“Mohamed died, and came back to life,” said a nurse earlier this month while attending to the care of U.S. citizen and Ohio State University graduate Mohamed Soltan, who has been on a hunger strike for 324 days (as of December 17) in an Egyptian prison. Mohamed’s hunger strike is in protest to his illegal detention related to his arrest in August 2013 by Egyptian authorities on what is described as politically-motivated charges.
While the nurse was measuring Mohamed’s blood sugar—which was about 30 at that time—Soltan lost consciousness following a seizure. Everyone in his cell screamed, declaring him dead. They panicked and started to rub sweets on his lips to raise his blood sugar level in hopes of raising his sugar levels and preventing him from choking his tongue. He remained unconscious for another 20 minutes. When he regained consciousness he was rushed to the urgent care facility. Soltan did not remember anything, including names of immediate family members. He reported experiencing cold chills and hot flashes.
Mohamed was later transferred to Qasr Al Aini Hospital. When they measured his blood sugar, it was around 23. They hooked him to an IV, injecting calcium, glucose, and magnesium into his fragile body. Based on the tests, they concluded that those deficiencies had caused the seizure.
Mohamed was left alone in urgent care. When he woke up, he asked to see his father and was denied. He was accompanied by a guard around the clock instead. Mohamed demanded once again to see his father, when the request was denied again he became really angry and experienced what could only amount to a nervous breakdown. He started beating his head on the door’s metal bars. The incident was immediately reported to the officer in charge, but Mohamed received no sympathy. His request to be accompanied by his father in what is sure to have felt like his last moments on this earth was denied despite the proximity of the cell his father is held in to his (15 meters)
The family is deeply saddened by the news of Mohamed’s deteriorating health and emotional state. “It is especially heartbreaking to learn of the psychological torture he and his dad experience in being denied the comfort of each other’s company in a situation this dire and bleak,” Mohamed’s family said. “It appears the current regime is determined to see Mohamed dead. We pray that Allah SWT ends the oppression Mohamed and others are suffering.”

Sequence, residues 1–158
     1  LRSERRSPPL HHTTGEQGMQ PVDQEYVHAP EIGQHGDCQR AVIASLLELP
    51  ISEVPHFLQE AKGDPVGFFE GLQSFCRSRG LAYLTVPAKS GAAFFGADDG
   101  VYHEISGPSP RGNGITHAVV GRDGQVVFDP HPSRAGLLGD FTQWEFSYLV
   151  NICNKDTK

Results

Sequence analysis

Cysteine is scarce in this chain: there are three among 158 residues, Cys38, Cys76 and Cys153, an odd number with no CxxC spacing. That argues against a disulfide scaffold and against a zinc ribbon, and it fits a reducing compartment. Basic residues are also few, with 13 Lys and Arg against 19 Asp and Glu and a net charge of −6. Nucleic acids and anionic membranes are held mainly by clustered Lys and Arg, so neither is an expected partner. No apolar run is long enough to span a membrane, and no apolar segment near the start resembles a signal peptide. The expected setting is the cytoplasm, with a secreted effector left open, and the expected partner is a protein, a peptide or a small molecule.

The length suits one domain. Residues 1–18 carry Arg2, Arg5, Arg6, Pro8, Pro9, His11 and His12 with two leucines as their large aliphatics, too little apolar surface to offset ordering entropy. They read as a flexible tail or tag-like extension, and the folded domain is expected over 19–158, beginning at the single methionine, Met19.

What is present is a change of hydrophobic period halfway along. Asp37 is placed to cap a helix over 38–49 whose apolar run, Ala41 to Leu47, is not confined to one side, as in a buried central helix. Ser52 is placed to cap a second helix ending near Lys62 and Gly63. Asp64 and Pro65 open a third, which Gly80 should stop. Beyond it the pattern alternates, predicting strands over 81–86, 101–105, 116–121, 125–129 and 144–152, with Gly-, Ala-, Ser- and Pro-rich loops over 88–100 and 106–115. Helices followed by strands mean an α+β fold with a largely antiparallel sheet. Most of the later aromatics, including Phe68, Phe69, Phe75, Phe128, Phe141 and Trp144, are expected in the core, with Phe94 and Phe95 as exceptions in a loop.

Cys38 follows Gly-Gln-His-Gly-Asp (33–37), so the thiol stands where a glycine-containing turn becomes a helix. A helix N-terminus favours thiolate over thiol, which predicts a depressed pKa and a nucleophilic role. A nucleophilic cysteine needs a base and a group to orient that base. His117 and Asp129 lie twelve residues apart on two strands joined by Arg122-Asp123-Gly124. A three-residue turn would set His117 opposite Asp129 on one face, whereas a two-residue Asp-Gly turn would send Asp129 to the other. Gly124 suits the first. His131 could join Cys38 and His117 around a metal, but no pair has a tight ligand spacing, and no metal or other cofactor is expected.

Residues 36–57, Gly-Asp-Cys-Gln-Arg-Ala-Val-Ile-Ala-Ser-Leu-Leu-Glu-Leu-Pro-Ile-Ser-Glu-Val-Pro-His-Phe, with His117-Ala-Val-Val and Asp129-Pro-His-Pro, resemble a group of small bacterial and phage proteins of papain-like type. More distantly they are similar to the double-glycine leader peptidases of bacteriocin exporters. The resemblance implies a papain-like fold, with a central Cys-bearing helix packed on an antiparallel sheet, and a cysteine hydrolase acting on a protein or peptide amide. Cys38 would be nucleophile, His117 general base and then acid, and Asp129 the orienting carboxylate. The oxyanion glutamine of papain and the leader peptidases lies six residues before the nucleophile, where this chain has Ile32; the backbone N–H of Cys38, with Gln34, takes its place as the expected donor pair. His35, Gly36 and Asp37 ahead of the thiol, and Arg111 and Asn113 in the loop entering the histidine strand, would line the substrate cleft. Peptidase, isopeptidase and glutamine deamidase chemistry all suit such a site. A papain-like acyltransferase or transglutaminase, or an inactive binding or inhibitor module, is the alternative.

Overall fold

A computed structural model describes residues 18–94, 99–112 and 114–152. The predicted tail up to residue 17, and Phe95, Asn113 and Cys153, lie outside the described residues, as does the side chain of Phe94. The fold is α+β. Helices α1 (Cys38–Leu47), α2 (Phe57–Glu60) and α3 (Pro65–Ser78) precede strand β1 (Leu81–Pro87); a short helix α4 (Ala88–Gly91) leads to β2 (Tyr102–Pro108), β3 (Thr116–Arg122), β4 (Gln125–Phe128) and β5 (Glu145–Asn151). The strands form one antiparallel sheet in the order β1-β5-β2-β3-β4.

The end is nearing
This week, Mohamed has been transferred to the ICU in Asr AlAiny hospital due to the complete deterioration of his health. Mohamed refusing medication and check-ups as as a form of strike due to inhumane treatment and the transfer of his father to Aqrab Prison. “Mohamed continues to face emotional pressure from the Egyptian authority as they have isolated him from the outside world by not allowing people to see or speak to him,” the family said.
By the family of Mohamed Soltan
More about Mohamed Soltan
Mohamed Soltan, U.S. citizen and an Ohio State University graduate, took part in the Rabaa Square Protests after the military coup in Egypt toppled the democratically-elected government. Although Soltan is not a Muslim Brotherhood member, his desire to help and his ability to speak both English and Arabic fluently, led him to becoming the media spokesman dealing with international reporters. He was a sympathizer of the cause that promoted democracy, freedom, and social justice for Egypt. He strongly believed in nonviolence.
He was a first-hand witness when the army took down Rabaa square. On August 14, he was shot in the arm by an army sniper. His efforts were not deterred, as he continued to participate in pro-democracy protests. On August 25, police forces arrested Soltan, along with three other Egyptian youth. It is reported that he is facing charges on bizarre, fabricated counts, and awaits the day that he is fully absolved and reunited with his family and friends.
At the onset of his detention, Soltan was moved from prison to prison to ensure that his whereabouts would remain unknown. Once his family was finally able to connect with him, Soltan informed them of the intense brutality he was facing on a day to day basis while in prison. “The brutality with which I have been treated has been mind boggling,” he said. “During the day, soldiers and police would get in two straight lines, and we would have to run in between them as they beat us with rocks and sticks. They roused anger amongst the officers by falsely proclaiming that we had killed police officers. The officers stripped off our pants and shirts as they beat us with clubs. They put us in jail cells with what must have been 60 other inmates, and it was terribly hot and water was not made available to us. I saw an inmate suffer a heart attack right before my eyes and not receive proper medical attention. The surgical wound on my arm was open and oozing, and not one of the guards seemed to care because I was labeled a political prisoner.”
After months of illegal detention, Soltan finally stood before a judge in January 2014. No evidence was presented and no argument was made, the judge simply ordered him to be held for another 45 days. In protest, Soltan entered into a hunger strike immediately following the hearing on January 26, 2014 with no plans to end it before he is released for lack of evidence against him. Throughout the year, Egyptian authorities have ignored him, with hearings scheduled and postponed throughout his detention.